Five Perks that Won’t Break the Bank

Land a job at Google and you may never leave. From on-site physicians and nurses, to extended parental leave, to reimbursements for degree-level education, to free legal advice, to free food, to free… well, you get the picture. With tech companies, creative perks are an industry standard that attracts employees and retains them. Yet any company in any industry will suffer when employee morale is low and turnover is high. Very few organizations have Google’s financial clout but that does not mean perks should be off the menu. Here’s five approaches to company perks that won’t break the bank:

1. Movies are a socially-sedate perk

As a movie studio, it should come as no surprise that DreamWorks Animation regularly screens movies for its employees. Treating your staff to a movie in the break room or whisking them to a cinema during work hours is an inexpensive alternative to typical work get-togethers. Without the drama and preparation of a Christmas party, or the logistical difficulties of a retreat, watching a movie can be a low-maintenance company perk. Simply sitting back, relaxing and enjoying a flick is an oasis in an otherwise hectic work schedule.

2. Corporate responsibility is an effective employee perk

In light of a 2010 study which suggested that turnover dropped as much as 3 to 3.5% in large corporations where the company was regarded as being socially responsible. Employees, it seems, want to work for an employer that cares. As such, many companies arrange group volunteer opportunities or they empower individual employees to take leave (paid or unpaid) to volunteer in efforts that they are personally invested in.

3. Are flexible work arrangements even a perk anymore?

Do you know that as many as 70 percent of employees said they would change companies if the new employer offered a flexible working arrangement? These figures are taken from research which claims 39 percent of employees who are given a personal device by their employer, like a phone, are expected to work after hours. Yet only 24 percent of companies have policies that govern work done outside of hours. Many companies, it seems, implicitly facilitate unorthodox work schedules without formalizing the arrangement. It will come as no surprise that these employees might prefer a schedule that allows them to get paid for work done flexibly. Many companies find that a flexible working arrangement simply facilitates a worker to meet their responsibilities in a way that promotes work-life balance. In fact, for some organizations, flexible working arrangements are not even considered a perk but a sign of the times.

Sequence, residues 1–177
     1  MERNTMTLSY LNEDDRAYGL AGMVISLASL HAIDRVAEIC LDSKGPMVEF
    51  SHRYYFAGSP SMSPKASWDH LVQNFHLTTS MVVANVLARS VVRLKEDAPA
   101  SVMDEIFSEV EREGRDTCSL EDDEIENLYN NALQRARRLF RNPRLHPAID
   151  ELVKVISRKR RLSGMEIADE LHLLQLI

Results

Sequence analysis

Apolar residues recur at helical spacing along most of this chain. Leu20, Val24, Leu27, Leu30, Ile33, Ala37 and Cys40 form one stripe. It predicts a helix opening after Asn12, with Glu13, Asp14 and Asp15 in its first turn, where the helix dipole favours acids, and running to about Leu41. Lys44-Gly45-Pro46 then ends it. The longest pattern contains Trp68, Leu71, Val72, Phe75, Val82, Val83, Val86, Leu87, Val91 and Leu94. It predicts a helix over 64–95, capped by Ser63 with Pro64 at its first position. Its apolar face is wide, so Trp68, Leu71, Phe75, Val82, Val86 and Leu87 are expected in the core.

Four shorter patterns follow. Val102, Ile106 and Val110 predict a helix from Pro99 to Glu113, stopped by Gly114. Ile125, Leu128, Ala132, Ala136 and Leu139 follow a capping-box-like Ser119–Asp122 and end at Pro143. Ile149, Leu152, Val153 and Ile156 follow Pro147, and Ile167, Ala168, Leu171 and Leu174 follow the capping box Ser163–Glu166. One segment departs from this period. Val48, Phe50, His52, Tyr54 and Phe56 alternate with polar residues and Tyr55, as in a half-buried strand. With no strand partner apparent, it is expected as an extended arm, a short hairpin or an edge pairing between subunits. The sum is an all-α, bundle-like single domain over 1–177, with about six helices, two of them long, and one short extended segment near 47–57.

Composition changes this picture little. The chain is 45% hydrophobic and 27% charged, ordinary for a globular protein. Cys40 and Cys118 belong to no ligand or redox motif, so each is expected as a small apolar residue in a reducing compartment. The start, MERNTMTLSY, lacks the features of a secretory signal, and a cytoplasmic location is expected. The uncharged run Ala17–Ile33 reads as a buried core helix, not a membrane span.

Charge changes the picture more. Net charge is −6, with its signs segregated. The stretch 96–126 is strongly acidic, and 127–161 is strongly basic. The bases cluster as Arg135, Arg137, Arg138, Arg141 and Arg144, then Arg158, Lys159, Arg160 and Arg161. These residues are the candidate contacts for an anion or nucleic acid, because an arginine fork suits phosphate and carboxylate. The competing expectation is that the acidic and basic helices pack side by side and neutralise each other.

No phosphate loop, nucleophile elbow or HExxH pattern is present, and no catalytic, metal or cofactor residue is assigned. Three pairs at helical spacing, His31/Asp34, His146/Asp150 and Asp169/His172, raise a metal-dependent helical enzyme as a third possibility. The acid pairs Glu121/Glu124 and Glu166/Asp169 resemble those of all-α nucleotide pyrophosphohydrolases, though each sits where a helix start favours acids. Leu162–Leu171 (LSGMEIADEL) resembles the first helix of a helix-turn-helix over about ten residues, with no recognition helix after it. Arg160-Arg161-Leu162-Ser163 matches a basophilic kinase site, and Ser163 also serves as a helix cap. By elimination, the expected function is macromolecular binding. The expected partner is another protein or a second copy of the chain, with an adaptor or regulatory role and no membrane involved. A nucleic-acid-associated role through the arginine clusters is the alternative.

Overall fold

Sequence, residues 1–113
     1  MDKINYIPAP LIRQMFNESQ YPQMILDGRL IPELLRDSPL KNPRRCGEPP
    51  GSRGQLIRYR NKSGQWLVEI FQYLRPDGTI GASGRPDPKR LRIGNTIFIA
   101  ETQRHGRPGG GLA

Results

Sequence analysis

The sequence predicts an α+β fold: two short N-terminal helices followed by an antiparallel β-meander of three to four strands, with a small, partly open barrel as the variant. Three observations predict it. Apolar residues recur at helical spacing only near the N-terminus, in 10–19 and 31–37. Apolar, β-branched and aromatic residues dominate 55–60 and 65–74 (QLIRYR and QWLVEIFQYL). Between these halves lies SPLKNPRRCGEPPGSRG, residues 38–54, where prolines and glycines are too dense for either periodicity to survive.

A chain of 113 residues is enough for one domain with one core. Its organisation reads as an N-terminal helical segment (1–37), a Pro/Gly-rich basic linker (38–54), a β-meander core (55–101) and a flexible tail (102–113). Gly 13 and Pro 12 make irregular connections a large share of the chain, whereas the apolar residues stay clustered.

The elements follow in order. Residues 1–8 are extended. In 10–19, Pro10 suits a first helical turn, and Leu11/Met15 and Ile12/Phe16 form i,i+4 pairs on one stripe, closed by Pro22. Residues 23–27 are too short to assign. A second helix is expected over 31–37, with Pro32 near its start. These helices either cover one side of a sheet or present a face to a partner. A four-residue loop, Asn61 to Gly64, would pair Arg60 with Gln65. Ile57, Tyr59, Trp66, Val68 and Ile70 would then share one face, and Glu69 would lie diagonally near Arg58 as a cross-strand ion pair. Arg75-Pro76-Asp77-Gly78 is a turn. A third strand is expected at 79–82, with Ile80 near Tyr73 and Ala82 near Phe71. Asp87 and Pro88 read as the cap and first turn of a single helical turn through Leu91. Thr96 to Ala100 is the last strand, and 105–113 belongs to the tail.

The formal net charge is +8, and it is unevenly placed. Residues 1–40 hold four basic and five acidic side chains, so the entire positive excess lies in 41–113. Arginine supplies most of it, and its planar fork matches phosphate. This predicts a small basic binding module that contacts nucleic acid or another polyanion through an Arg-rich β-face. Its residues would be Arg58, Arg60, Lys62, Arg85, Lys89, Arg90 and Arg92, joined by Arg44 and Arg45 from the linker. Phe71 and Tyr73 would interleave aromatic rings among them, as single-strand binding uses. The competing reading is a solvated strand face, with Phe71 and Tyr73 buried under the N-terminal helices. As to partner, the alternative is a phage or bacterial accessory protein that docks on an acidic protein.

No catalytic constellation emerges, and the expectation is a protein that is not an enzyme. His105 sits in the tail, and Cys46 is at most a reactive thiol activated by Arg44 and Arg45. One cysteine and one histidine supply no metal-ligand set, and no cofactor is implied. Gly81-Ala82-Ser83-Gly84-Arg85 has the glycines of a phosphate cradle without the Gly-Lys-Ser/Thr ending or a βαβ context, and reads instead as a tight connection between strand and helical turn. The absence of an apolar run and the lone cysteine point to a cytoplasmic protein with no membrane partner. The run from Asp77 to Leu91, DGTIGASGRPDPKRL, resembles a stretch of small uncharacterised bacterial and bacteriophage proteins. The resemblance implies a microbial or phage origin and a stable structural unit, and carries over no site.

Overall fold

4. Free food for your employees can be written off

Google is able to give its employees free food all day, every day. However, by paying attention to Canada’s tax rules, even the smallest of companies can treat its employees to a tax-deductible meal once in a while. Likewise, many Canadian businesses can write-off the cost of two professional conferences per year. In your company is there an employee who love to pursue this kind of professional development? If not, there are many other employee perks which can be marked down as company expenses each year. Check out this list to see if any deductions might be considered company perks at your organization (then double-check with your accountant) and remember to consult with the Canada Revenue Agency for any updates on relevant tax laws.

5. Be wary of taking away perks

Hell hath no fury like a gardener scorned. The Daily Mail  reports that the final straw which instigated strike action at London’s Royal Parks may have been the withdrawal of the gardeners’ free Christmas hamper. When a private company took over the maintenance contract for some of London’s most famous parks last year, the groundskeepers were soon upset with their new bosses. In addition to overtime rates being cut, the traditional Christmas hampers, which contained savoury snacks and festive beverages, would no longer to be gifted to the gardeners as a perk of the job. Strike action ensued and the hampers were reinstated. And what’s the moral of the story? All of the perks mentioned above are fantastic ways to improve employee satisfaction but think carefully before committing to any as you don’t want to find yourself in a position where you have to take them away.